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Wholly Frijoles! Teaching Sustainability thru Interactive Systems Thinking Education Jill Ramirez, M.A., Coordinator of Sustainability Education, Residence.

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Presentation on theme: "Wholly Frijoles! Teaching Sustainability thru Interactive Systems Thinking Education Jill Ramirez, M.A., Coordinator of Sustainability Education, Residence."— Presentation transcript:

1 Wholly Frijoles! Teaching Sustainability thru Interactive Systems Thinking Education Jill Ramirez, M.A., Coordinator of Sustainability Education, Residence Life Russell Martin, M.A., Asst. Director, Office of Academic Success and Achievement The University of Arizona Advocates Coming Together

2 Goals Understand the systems thinking framework Experience an innovative, educational program that could be adapted for use on your campus Understand intersections between sustainability and social justice Understand how effectively systems thinking concepts can enhance sustainability and social justice education

3 Sustainability Defined Perpetual and cooperative environmental, social, and economic systems

4 Systems Thinking Making Sense of the Triple Bottom Line

5 What is a System? Any group of related, interdependent parts

6 What is Systems Thinking? A way of thinking about the world and relationships An approach to problem solving Encourages an appreciation of dynamic relationships

7 Habits of a Systems Thinker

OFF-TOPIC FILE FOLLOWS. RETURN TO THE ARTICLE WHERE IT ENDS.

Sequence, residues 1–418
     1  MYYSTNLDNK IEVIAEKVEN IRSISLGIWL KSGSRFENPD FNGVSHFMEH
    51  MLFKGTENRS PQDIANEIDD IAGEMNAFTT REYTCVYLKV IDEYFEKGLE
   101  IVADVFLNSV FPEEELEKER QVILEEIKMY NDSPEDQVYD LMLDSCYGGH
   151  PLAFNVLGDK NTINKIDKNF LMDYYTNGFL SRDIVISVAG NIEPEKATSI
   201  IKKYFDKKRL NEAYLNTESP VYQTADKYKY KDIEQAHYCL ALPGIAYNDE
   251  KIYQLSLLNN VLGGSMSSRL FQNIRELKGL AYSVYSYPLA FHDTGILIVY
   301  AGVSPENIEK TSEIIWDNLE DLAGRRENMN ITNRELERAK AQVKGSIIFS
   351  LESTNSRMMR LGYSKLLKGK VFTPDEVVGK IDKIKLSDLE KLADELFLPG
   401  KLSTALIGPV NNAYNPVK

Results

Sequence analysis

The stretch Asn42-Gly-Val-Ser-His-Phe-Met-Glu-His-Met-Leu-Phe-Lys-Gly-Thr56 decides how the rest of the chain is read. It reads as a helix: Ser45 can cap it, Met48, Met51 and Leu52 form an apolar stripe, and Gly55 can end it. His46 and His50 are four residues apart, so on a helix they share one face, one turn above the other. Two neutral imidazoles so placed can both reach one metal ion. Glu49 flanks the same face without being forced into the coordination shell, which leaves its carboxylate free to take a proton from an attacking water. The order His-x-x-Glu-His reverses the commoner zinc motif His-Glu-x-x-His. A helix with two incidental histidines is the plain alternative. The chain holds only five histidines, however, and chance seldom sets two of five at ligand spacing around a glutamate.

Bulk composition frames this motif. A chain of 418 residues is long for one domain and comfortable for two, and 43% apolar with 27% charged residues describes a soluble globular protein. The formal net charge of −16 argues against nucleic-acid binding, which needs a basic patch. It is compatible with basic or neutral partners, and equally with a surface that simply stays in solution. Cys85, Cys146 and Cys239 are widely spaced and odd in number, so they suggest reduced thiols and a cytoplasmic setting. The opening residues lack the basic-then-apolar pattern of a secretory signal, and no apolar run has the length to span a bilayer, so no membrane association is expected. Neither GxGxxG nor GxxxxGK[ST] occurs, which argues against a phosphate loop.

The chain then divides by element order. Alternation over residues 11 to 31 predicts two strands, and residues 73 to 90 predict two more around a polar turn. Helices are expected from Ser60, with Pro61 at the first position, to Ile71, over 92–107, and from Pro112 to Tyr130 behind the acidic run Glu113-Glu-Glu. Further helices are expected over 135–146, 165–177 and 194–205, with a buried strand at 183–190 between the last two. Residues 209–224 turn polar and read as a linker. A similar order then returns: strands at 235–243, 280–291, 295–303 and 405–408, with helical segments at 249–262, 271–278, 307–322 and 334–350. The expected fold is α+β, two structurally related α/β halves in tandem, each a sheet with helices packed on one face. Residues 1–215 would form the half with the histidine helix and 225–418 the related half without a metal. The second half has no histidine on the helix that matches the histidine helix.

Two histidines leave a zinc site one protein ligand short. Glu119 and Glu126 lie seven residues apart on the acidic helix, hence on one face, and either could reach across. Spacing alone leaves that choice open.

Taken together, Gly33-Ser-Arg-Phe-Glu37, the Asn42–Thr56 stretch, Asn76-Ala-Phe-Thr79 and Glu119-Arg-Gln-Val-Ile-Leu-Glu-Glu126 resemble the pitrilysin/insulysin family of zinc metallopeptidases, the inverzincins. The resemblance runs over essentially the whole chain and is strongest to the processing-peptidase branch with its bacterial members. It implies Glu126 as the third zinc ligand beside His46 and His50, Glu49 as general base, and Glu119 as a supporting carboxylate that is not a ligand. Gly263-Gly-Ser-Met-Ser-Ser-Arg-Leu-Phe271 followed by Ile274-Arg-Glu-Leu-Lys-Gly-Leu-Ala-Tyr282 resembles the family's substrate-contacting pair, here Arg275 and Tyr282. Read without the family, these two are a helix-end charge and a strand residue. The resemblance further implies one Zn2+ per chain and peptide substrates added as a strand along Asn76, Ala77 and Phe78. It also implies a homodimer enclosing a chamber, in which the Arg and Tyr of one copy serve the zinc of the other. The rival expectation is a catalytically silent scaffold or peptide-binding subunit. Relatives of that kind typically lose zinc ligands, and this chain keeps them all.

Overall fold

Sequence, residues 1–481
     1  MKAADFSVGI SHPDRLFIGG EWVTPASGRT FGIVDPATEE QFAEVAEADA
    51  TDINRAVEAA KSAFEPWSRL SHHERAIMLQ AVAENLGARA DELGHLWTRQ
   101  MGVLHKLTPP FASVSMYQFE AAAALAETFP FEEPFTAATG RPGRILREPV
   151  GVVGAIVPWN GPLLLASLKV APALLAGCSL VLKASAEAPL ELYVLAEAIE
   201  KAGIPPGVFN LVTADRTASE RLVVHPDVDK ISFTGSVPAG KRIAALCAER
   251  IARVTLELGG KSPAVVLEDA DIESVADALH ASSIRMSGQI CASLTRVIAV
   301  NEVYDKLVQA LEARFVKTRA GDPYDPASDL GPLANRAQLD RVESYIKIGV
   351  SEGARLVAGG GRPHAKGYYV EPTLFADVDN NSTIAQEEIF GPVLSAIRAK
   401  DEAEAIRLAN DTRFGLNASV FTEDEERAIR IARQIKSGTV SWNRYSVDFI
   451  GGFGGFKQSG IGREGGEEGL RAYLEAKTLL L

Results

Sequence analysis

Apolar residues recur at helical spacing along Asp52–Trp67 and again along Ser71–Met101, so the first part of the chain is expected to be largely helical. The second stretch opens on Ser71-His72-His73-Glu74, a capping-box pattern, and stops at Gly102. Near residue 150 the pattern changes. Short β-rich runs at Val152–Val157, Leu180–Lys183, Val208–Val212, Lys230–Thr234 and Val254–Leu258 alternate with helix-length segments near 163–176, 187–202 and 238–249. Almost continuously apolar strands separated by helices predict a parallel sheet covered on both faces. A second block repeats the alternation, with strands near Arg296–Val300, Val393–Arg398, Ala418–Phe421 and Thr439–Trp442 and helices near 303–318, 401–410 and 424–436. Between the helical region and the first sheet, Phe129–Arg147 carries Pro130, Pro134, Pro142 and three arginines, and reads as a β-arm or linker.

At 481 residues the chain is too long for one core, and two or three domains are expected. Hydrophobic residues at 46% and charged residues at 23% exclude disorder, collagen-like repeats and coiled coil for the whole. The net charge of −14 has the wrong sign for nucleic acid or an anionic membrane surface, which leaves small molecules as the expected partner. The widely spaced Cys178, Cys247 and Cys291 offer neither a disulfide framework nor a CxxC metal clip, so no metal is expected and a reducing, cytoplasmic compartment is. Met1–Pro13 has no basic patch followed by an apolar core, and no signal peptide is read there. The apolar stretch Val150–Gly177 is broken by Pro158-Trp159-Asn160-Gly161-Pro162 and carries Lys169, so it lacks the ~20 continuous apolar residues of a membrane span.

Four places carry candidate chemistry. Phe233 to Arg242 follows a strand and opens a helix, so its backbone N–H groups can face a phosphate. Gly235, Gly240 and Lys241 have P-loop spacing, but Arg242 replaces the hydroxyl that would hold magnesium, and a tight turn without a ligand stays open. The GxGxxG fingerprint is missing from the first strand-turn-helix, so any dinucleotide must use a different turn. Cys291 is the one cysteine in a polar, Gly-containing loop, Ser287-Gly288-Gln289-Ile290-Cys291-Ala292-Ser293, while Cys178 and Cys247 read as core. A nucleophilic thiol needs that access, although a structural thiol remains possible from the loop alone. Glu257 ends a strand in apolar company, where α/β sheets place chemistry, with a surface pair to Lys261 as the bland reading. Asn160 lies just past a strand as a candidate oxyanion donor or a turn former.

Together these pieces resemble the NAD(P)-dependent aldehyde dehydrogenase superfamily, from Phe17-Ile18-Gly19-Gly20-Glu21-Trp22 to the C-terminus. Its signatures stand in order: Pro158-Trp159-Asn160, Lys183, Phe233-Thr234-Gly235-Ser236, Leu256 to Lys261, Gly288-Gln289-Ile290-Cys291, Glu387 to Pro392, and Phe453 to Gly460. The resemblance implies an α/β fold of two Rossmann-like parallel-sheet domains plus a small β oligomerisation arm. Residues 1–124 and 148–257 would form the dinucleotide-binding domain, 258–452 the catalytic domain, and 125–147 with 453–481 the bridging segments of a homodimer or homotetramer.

8 Understanding the Big Picture Remember to see the forest Maintain balance between the big picture and the details Think holistically

9 Changing Perspectives Use new perspectives to increase understanding Are you willing to be a little bit right and a little bit wrong?

10 Considering Cause-and-Effect Identify the circular nature of complex cause-and-effect relationships What are the causal connections? Interdependencies?

11 Consequences Consider both short AND long-term consequences Can you accept “short-term pain for long-term gain”?

12 Leverage Actions Understand the system’s structure to identify possible leverage actions Where can even small changes make an impact?

13 Wholly Frijoles! Just how did we teach these?

14 Rules Assign generations Each generational representative brings their utensil to the beans All families have 10 seconds to simultaneously collect Utensils only! – No cups in the cooler Return with your beans and keep in your family’s clear bin Process repeats with each generation

15 Let’s Play!

16 Caveats Shortened time frame – Need more time for debrief Missing graph component – Visually see disparities

17 History Fortuitous beginnings Partnership with the School of Engineering and the Waters Foundation Green Fund grant Experiment

18 Experiment Design Strategically paired 22 undergraduate halls – Based on size and culture Worked with students – 1 student coordinator and 4 student facilitators Hosted Wholly Frijoles! in the 11 treatment halls

19 Battle of the Utilities Water and energy reduction competition Goal based—reduce by 15% to win Incentives – Money for hall programs or amenities – Two students win $25 gift cards to UA Bookstore Monitor usage – September: Baseline – October: Competition – November: Long-Term Impact

20 Assumptions Understanding impact motivates behavior change – Theory of Planned Behavior (Ajzen) Similarly sized and cultured halls exhibit similar sustainability behaviors – UA Residence Life: 80% first year students – Potential for culture shifts Consistent experiences – Different facilitators – Different insights

21 Results

22 Lessons Learned Systems thinking enhances sustainability education Promotion is critical Short-term effectiveness

23 Questions? For facilitation instructions, contact Jill Ramirez at


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